Before passing the negative declaration, the Board reviewed the EAF, which identified five environmental areas on which the 2011 law would have “small to moderate impact,” including land, plants and animals, aesthetic resources, space and recreation and “growth and character of community or neighborhood.” As no “potentially large” impacts were identified, completion of part 3 of the EAF—in which such impacts must be analyzed in detail—was not required (Matter of Yellow Lantern Kampground v Town of Cortlandville, 279 A.D.2d 6, 11  ). The Town nevertheless elected to complete part 3, in which the identified impacts were evaluated, and each was found to have either no impact or a beneficial impact. Included in the EAF were data and conclusions from the Town Engineer's updated report regarding the potential impact of the 2011 law on tax revenue and land planning, the Town's written responses to numerous public comments, and a list of properties potentially located within wetland buffer areas to be created by the proposed law. The Board also solicited input from the Town's Environmental Conservation Board and from the Department of Agriculture. As the proposed law included “quality vernal pools” (hereinafter QVPs) among the wetlands to be regulated,2 the Town considered the Wetlands Inspector's report on the quantity and area of unregulated vernal pools in the Town. Following its review, the Board issued a negative declaration that included a detailed description of the action to be taken, reasons supporting the Board's determination, and an evaluation of the areas of relevant environmental concern, incorporating the EAF and the reports and information considered.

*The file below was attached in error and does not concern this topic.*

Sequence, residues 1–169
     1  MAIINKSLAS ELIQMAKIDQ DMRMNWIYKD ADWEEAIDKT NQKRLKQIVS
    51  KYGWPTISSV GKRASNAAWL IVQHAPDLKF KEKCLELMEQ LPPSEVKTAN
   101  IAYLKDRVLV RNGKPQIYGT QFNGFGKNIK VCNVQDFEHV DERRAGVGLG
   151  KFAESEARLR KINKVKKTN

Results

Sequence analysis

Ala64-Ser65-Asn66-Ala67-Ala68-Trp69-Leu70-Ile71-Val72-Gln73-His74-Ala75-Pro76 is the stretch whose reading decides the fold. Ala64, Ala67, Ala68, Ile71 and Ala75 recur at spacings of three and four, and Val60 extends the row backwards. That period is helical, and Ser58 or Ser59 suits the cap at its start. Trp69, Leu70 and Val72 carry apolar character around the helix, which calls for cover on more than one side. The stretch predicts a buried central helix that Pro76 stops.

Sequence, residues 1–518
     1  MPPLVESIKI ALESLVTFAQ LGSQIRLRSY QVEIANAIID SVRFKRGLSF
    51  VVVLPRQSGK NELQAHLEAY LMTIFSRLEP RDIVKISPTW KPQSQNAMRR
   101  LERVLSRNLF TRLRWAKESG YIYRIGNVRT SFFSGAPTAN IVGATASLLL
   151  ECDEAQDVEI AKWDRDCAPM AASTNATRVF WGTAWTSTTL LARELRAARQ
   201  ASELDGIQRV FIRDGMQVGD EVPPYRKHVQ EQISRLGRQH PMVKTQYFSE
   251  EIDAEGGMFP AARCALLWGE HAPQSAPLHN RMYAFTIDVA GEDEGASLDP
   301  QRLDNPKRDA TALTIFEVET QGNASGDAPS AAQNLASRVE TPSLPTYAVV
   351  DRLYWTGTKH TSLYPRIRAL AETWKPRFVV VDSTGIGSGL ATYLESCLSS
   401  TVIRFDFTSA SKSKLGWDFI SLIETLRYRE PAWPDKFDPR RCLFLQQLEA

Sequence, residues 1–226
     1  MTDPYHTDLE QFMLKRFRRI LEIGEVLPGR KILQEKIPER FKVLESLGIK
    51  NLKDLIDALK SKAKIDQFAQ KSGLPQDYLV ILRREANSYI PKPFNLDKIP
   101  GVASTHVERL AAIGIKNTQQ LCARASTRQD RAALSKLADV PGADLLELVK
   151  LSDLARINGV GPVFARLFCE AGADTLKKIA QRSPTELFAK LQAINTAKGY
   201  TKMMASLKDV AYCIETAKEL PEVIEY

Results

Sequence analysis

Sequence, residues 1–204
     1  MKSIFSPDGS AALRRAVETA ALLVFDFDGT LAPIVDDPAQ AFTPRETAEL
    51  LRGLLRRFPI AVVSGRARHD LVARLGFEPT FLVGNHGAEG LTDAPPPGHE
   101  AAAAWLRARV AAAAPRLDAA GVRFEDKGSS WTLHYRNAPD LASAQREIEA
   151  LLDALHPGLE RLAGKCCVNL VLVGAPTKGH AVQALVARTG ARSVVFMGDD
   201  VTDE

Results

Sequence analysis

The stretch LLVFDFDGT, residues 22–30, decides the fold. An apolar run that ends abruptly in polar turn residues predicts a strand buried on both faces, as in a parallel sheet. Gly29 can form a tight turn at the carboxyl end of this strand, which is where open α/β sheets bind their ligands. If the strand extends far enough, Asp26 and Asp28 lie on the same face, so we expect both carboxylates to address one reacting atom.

Petitioners contend that the identification of the area to be regulated was not sufficiently specific, thus precluding accurate assessment and rendering the Town's review inadequate. The 2011 law defines regulated areas with reference to the Town's “Wetland & Watercourse Map” (hereinafter the Town map). The Town map was prepared by the Town Engineer based upon a compilation of state and federal wetland and watercourse maps, electronic mapping resources, and data from other sources. As acknowledged in the 2011 law, the Town map delineates the approximate boundaries of the regulated areas, but, because of its scale, does not reveal the precise locations of the boundaries, which can only be accurately determined by a field survey. Notably, however, the 2011 law provides a mechanism by which property owners can determine the presence and location of regulated areas on their land, by requesting an onsite inspection, at the Town's cost, by the Wetlands Inspector. Following such inspection, a written determination must be provided within 60 days or, if delay is required because of weather or ground conditions, “as early as practicable” (Local Law No. 5  of Town of New Paltz § 139–6[D] ).3 Following passage of the 2011 law, the Town notified all real property owners in the Town and Village of its enactment, included a copy of the Town map with the notice, and advised owners of the availability of property inspections.